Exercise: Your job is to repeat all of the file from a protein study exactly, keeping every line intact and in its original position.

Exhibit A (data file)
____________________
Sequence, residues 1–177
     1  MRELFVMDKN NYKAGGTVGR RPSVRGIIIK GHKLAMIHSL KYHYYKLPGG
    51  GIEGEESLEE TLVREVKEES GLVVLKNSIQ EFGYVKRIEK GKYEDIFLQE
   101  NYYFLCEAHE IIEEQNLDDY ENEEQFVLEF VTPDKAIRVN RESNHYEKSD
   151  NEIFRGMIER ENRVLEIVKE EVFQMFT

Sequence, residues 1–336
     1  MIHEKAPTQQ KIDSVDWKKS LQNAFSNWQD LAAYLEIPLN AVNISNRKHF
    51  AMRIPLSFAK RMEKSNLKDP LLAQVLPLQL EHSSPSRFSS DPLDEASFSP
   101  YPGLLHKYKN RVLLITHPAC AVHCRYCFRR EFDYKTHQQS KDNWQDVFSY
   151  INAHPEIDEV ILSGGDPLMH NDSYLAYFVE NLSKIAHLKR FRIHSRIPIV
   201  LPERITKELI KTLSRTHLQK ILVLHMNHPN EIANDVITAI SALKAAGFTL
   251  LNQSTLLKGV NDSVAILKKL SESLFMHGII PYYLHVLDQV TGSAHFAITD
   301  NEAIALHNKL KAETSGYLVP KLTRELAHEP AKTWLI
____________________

Sequence, residues 1–177
     1  MRELFVMDKN NYKAGGTVGR RPSVRGIIIK GHKLAMIHSL KYHYYKLPGG
    51  GIEGEESLEE TLVREVKEES GLVVLKNSIQ EFGYVKRIEK GKYEDIFLQE
   101  NYYFLCEAHE IIEEQNLDDY ENEEQFVLEF VTPDKAIRVN RESNHYEKSD
   151  NEIFRGMIER ENRVLEIVKE EVFQMFT

Sequence, residues 1–336
     1  MIHEKAPTQQ KIDSVDWKKS LQNAFSNWQD LAAYLEIPLN AVNISNRKHF
    51  AMRIPLSFAK RMEKSNLKDP LLAQVLPLQL EHSSPSRFSS DPLDEASFSP
   101  YPGLLHKYKN RVLLITHPAC AVHCRYCFRR EFDYKTHQQS KDNWQDVFSY
   151  INAHPEIDEV ILSGGDPLMH NDSYLAYFVE NLSKIAHLKR FRIHSRIPIV
   201  LPERITKELI KTLSRTHLQK ILVLHMNHPN EIANDVITAI SALKAAGFTL
   251  LNQSTLLKGV NDSVAILKKL SESLFMHGII PYYLHVLDQV TGSAHFAITD
   301  NEAIALHNKL KAETSGYLVP KLTRELAHEP AKTWLI